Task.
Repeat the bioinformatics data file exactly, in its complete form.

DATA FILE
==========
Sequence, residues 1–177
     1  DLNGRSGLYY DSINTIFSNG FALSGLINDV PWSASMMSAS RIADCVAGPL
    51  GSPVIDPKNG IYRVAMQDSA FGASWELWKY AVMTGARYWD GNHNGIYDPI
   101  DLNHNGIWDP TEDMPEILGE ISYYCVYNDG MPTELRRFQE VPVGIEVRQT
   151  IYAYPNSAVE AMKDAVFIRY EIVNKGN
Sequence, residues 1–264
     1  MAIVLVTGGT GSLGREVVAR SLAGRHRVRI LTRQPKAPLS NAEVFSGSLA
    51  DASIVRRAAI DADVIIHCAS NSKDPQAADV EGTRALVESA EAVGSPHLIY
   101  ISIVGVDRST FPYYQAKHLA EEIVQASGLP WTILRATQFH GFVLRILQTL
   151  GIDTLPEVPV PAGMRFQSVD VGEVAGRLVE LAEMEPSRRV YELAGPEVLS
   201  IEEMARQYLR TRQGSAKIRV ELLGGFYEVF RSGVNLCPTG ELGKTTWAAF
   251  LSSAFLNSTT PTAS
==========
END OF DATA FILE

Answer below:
Sequence, residues 1–177
     1  DLNGRSGLYY DSINTIFSNG FALSGLINDV PWSASMMSAS RIADCVAGPL
    51  GSPVIDPKNG IYRVAMQDSA FGASWELWKY AVMTGARYWD GNHNGIYDPI
   101  DLNHNGIWDP TEDMPEILGE ISYYCVYNDG MPTELRRFQE VPVGIEVRQT
   151  IYAYPNSAVE AMKDAVFIRY EIVNKGN
Sequence, residues 1–264
     1  MAIVLVTGGT GSLGREVVAR SLAGRHRVRI LTRQPKAPLS NAEVFSGSLA
    51  DASIVRRAAI DADVIIHCAS NSKDPQAADV EGTRALVESA EAVGSPHLIY
   101  ISIVGVDRST FPYYQAKHLA EEIVQASGLP WTILRATQFH GFVLRILQTL
   151  GIDTLPEVPV PAGMRFQSVD VGEVAGRLVE LAEMEPSRRV YELAGPEVLS
   201  IEEMARQYLR TRQGSAKIRV ELLGGFYEVF RSGVNLCPTG ELGKTTWAAF
   251  LSSAFLNSTT PTAS